Our analysis of factors related to deans’ education and training revealed statistically significant differences. Our findings showed that a significantly smaller percentage of women deans received their MDs (36.4%; 12/33) from the top 50 NIH-ranked research-award schools than did men (56.8%; 258/454), and a greater percentage of women (63.6%; 21/33) than men (32.4%; 147/454) received degrees from lower-tier (51st–123rd) research-award institutions (P = .005, ω2 = 23.3%, η2 = 25.4%; see Table 3).

Table 3

Table 3

Internal medicine (39.3%; 184/468) and pediatrics (11.5%; 54/468) were the most common specialties among all deans (Table 3). Internal medicine was less common among women (23.5%; 8/34) than men (40.6%; 176/434). Instead, a greater proportion of women deans, compared with their men counterparts, specialized in pediatrics (20.6% [7/34] versus 10.8% [47/434]), family medicine (17.6% [6/34] versus 3.5% [15/434]), and pathology (14.7% [5/34] versus 6.0% [26/434]). No women deans, but more than 13% of men (57/434) deans, specialized in surgery or a surgery subspecialty.

A slightly higher percentage of women deans (28.9%; 11/38) than men deans (22.8%; 113/496) held graduate degrees beyond their original MD (Table 3). The difference was not statistically significant. However, we found gender-related differences in the type of additional graduate degrees (P = .019). Compared with 23.9% (27/113) of men deans, 63.6% (7/11) of women had a business-related degree (MBA, MHA, MPH, or JD); in contrast, 18.2% (2/11) of women deans and 43.3% (49/113) of men had PhDs or other doctorates.

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Gender differences in U.S. medical school deanships

We also found gender-based differences in the institutions men and women deans served, in the likelihood of their holding subsequent positions as deans, and in the duration of their first deanships.

Only 5.4% of women deans (2/37) served at top-25 NIH-ranked institutions for their first deanship, compared with 16.8% (82/488) of men (Table 4). Only 16.2% of women deans (6/37) served at top-50 institutions—about half the proportion of men deans (33.0%; 161/488). The average NIH-research-award ranking of medical schools for women deans was 84.2 ± 30.1, significantly lower than the average ranking of institutions served by men deans (64.3 ± 34.1; P = .005, ω2 = 23.3%, η2 = 25.4%; see Table 5).

Table 5

Table 5

Table 4

Table 4

In 2006, half (19/38) of the women deans had completed deanships, or were currently serving, at medical schools with special missions, including historically black institutions (n = 5), historically Hispanic institutions (n = 5), and institutions that traditionally focus especially on primary or community-based care (n = 9; data not shown). This finding is notable because, in 2006, the AAMC listed only 4 historically black medical schools, 4 medical schools in Puerto Rico, and approximately 20 medical schools with a primary care or community-based education focus.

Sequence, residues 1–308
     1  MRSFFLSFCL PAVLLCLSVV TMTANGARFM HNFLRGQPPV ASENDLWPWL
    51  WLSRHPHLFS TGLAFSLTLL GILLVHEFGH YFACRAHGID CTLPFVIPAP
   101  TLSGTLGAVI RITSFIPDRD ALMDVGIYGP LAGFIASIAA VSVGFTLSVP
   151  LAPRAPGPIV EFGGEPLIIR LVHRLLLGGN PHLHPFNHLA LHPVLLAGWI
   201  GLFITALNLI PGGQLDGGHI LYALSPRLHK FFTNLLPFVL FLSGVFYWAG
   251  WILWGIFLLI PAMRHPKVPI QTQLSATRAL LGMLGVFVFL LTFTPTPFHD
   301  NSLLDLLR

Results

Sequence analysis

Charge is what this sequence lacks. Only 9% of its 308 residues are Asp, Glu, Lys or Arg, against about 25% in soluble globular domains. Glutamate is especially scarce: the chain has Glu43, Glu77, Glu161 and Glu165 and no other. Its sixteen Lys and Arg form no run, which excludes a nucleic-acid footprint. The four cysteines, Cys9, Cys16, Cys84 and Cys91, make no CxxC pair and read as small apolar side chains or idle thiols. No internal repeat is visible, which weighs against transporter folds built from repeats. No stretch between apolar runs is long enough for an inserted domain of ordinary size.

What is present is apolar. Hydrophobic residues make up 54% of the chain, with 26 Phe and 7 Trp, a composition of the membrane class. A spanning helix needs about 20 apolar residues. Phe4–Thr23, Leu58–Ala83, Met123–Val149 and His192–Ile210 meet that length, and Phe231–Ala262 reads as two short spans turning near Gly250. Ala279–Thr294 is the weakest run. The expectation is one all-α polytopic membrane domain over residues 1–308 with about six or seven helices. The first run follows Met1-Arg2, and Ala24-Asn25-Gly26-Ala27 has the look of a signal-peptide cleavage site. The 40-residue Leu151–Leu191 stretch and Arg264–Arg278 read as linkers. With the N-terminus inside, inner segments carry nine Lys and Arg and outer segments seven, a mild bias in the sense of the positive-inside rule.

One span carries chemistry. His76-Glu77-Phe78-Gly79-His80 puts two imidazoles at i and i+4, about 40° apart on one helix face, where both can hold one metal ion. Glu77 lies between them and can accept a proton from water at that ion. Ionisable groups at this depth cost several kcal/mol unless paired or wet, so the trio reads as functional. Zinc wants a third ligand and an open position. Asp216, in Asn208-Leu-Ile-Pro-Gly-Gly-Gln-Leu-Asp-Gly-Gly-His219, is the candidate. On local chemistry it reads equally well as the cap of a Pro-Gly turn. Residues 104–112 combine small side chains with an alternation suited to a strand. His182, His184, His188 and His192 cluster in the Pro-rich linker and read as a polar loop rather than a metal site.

Of the 534 deans, 194 (36.3%) were appointed as interim deans for their first deanship between 1980 and 2006: 11 (28.9%) of 38 women and 183 (36.9%) of 496 men. Of these, 183 (176 men, 7 women) completed their interim positions, and 100 served subsequent deanships: 93 (88 men, 5 women) served as full deans, and 7 (7 men, 0 women) served again as interim deans. A similar proportion of women deans (45.4%; 5/11) and men deans (48.1%; 88/183) who initially served on an interim basis later served as full deans—almost all at the institution where they initially served as interim deans.

Only 5% of both women (5.2%; 2/38) and men (5.0%; 25/498) deans were appointed to a subsequent full deanship at another institution after completing their first deanship. The mean institutional research-award ranking of first deanship was 93.5 for women and 61.5 for men deans (Table 5). Among the 25 men deans who served second full deanships, their second appointments showed an average increase in institutional research-award ranking of eight points. Of the two women who served two full deanships, one subsequently served at an institution with a higher ranking, and the other subsequently served at a school with a lower NIH ranking.

We analyzed the duration of first deanships of the 321 deans appointed as full deans during 1980–2006 by gender and decade (Table 6). Overall, women’s appointments as dean were of shorter durations than those of men: a mean of 3.0 ± 1.8 years versus 5.4 ± 4.1 years (P = .000, ω2 = 38.5%, η2 = 38.8%). During the 27-year period, the average tenure of all medical school deans decreased from 6.6 years in 1980–1989 to 5.1 years in 1990–1999 and to 2.4 years in 2000–2006. The average duration for 2000–2006 is likely to be underestimated because the average (2.4 years) includes only those deans (n = 59) who were appointed and had completed their tenures during the 7-year period; we excluded from this analysis data on 90 full deans (11 women, 79 men) appointed during 2000–2006 and still in the position as of November 2006.

Table 6

Table 6

Our analyses of the distribution of 321 completed deanship tenures by gender and decade (Table 7) revealed that the most frequent first deanship duration across the 27-year study period was fewer than 3 years, accounting for 40.5% (130/321) of all initial appointments; however, a much greater proportion of women (70.0%; 14/20), as compared with men (38.5%; 116/301), had such short tenures. Although about an equal percentage of women (20.0%; 4/20) and men deans (19.9%; 60/301) served for 3 to 5 years, only 2 women deans (10.0%; 2/20) served for 6 or more years compared with 41.5% of men deans (125/301). The distribution of deanship tenures of men deans over time suggests that their tenures may have been trending toward those of women: Among deans appointed between 2000 and 2006, over 75% of both men and women deans had tenures of fewer than 3 years, and all women deans and close to 95% of men had tenures under 5 years.

Table 7

Table 7